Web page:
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Your bunny needs regular check-ups with a bunn-savvy vet.  The catch is, many vets don't treat bunnies and some that do really don't have the knowledge to do it properly.

The best advice I can give is get a vet before you need one.  Bunnies are very fragile because they are basically prey animals.  When they get ill they can go downhill very quickly.  Your best defense is a good offence.  At the first sign of symptoms, call your bunny-savvy vet and find out what you need to do.

Unfortunately, bunnies don't always plan their illnesses outside of statutory holidays and weekends so in addition to having access to a 24/7 emergency vet which will cost an awful lot, you can prepare yourself with some supplies.  Most are available in the baby aisle at any drugstore:

  • Ovol in the liquid form (it will say for colicky babies).  This is a cure for gas which your bunny may have if they seem tense and uncomfortable and won't eat.  Using the 40mg/ml strength, a bunnies dose is 100mg/kg every 2-8 hours.

  • Pedialyte.  This gets much needed fluids into a sick bunny and keeps them hydrated.

  • Babyfood.  Carrots, blueberries, apple and banana are a good way to get some nutrients into a bunny that is not eating because of illness.  Make sure they don't have sugar in them, just the main food ingredient and water.

  • Syringes can be requested from the pharmacy and help to administer the above items.  Try to get a larger one if you're using the baby food.

  • Critical Care.  This is an aromatic hay and herb powder you mix with water into a paste.  Its available from any vet.  Also make sure you get a very large syringe because you will likely need to force feed if your rabbit is refusing to eat.

  • Ever notice your bunny moving their head slowly back and forth when they look at you?  This is called scanning or tracking and is common in red-eyed bunnies, like New Zealands.  Don't worry, there is nothing wrong with your rabbit.  Rabbits are farsighted and have monocular vision meaning they process sight from each eye separately.  This enables them to see movement all around them and very far away.  It is a feature of prey animals.  Humans and other predators have binocular vision, using information from both eyes together enabling us to judge distance and see objects three dimensionally.  If you notice your bunny has just started this, never having done it before, it can be indicative of a health problem and should be referred to a vet.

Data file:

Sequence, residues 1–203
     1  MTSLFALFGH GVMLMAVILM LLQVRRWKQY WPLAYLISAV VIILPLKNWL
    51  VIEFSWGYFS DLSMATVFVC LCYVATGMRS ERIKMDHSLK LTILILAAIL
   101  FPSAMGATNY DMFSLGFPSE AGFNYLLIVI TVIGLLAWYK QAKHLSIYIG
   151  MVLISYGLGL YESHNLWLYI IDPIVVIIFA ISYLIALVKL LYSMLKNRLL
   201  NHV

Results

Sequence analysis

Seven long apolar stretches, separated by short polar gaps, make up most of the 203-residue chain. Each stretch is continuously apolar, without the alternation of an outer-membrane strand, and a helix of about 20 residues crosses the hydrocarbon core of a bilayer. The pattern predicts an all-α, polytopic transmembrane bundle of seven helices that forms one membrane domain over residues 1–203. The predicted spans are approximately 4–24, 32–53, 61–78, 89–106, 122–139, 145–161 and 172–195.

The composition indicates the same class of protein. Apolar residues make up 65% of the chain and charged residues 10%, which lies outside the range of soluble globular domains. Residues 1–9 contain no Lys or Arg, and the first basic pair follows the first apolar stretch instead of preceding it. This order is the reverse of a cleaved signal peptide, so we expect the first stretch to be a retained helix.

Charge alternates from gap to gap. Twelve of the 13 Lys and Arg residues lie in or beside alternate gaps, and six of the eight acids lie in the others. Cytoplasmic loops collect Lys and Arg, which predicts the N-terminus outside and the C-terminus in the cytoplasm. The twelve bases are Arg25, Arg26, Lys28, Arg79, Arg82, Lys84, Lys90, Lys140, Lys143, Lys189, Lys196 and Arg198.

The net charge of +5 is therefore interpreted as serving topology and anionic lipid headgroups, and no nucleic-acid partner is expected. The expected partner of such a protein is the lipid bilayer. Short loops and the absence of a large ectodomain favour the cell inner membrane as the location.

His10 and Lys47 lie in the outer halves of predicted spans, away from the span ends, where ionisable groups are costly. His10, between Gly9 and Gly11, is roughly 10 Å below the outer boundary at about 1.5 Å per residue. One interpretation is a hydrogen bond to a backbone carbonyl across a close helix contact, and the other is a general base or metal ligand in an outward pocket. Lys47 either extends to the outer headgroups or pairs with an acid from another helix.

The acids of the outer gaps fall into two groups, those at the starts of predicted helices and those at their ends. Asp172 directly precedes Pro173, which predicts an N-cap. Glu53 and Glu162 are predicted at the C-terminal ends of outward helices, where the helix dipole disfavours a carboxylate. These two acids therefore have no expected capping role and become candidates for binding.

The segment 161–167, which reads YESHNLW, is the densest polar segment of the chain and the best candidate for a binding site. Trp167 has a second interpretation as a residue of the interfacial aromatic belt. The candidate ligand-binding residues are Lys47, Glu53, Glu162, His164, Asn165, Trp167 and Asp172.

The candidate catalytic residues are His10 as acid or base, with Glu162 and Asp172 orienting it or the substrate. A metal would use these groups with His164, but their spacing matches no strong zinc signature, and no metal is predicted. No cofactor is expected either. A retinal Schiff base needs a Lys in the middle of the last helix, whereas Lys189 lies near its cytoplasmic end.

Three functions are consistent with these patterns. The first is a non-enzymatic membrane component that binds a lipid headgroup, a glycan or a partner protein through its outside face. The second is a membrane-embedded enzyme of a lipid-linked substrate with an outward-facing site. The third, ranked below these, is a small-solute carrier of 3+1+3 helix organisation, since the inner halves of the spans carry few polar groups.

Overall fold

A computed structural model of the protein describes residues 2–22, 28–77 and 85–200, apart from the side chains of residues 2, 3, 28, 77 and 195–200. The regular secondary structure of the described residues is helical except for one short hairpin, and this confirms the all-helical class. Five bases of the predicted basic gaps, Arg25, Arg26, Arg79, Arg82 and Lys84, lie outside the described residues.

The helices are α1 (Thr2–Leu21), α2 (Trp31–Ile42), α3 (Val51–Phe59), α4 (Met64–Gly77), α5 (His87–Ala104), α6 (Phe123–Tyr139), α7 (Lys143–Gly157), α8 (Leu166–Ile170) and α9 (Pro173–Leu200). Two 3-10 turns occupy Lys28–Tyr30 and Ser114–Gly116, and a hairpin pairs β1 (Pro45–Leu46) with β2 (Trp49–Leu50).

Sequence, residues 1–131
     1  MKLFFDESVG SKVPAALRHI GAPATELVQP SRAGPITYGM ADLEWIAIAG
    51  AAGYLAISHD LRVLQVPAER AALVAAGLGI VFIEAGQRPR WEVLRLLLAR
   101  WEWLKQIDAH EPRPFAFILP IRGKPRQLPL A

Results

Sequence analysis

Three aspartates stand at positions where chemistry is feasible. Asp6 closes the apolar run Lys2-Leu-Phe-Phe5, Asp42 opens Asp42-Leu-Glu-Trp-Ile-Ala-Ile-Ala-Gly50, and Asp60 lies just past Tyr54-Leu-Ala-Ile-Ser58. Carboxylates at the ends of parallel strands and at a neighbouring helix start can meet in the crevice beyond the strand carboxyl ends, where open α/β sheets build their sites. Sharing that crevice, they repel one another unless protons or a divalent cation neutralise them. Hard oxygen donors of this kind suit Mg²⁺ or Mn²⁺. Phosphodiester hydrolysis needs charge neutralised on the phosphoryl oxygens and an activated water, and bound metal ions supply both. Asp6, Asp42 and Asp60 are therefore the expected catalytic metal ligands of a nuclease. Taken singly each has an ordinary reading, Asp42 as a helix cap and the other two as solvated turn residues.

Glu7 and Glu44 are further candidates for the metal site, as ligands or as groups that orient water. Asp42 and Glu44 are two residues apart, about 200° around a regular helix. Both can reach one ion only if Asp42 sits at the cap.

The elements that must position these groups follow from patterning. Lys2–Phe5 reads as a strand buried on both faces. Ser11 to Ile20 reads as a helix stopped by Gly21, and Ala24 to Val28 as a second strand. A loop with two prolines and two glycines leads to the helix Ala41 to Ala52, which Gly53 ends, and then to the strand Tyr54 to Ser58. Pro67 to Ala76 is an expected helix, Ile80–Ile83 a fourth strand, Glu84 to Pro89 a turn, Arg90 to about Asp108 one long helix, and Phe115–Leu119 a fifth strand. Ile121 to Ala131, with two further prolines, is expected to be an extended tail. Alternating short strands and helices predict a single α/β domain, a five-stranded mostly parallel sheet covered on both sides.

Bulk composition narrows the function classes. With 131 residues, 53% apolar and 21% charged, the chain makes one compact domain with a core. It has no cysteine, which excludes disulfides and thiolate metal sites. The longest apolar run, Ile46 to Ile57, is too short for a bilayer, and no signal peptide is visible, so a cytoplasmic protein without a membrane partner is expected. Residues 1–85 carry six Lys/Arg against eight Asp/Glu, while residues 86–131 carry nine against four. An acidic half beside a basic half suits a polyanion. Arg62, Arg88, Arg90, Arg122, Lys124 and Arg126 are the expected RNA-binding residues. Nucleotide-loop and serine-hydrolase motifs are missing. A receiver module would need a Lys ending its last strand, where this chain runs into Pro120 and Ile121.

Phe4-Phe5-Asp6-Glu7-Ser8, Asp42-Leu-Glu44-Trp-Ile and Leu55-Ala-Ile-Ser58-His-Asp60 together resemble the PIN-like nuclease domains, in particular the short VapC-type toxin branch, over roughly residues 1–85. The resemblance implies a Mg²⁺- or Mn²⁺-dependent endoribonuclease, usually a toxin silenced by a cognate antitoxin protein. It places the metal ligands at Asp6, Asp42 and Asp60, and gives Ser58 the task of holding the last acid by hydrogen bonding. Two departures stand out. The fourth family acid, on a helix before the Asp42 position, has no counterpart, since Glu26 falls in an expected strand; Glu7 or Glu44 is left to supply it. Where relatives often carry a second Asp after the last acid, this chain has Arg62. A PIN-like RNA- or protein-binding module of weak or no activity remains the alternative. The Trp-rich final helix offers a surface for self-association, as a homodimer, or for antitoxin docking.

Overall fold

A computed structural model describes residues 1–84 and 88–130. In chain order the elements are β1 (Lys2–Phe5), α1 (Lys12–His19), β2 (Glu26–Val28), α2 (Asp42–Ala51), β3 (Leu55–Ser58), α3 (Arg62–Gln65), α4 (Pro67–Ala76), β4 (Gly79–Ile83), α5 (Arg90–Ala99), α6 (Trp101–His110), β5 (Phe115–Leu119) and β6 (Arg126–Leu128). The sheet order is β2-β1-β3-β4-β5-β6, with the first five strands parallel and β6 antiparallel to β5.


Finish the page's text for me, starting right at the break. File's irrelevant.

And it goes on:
By far, the hardest thing a pet owner will ever do is make the decision of whether to end their pet's suffering.  A good vet can help explain to you what your pet is feeling in terms of pain and quality of life.  However, the decision is ultimately your own as much as everyone wishes it were not.  Here are some things to consider:

    Qualitative Considerations

    • Does your pet still like to eat?

    • Does your pet still show affection to anyone including its mate?

    • Does your pet still show interest in its environment by watching, sniffing and listening?

    • Does your pet take care of themselves by grooming?

    If you can answer yes to these questions most of the time but still doubt your rabbit's quality of life,
    think quantitatively. Do the good days outnumber the bad days?



    Bunn-Savvy Vet just West of Toronto.  If you need to drive a bit, its still a good idea because they are very knowledgeable about rabbits and very reasonably priced.  This is the vet we use.

    www.VetRatingz. com rates vets all across North America

    Other Vets in the Southern Ontario Region

    Dosage Calculator - this is a handy way to determine how much to give your rabbit.  It includes some meds you will get to know well if you have a rabbit such as Baytril and Pedialyte.

    Vets - this site contains a list of vets in several countries.


    Everything you ever wanted to know about rabbits but were afraid to ask ...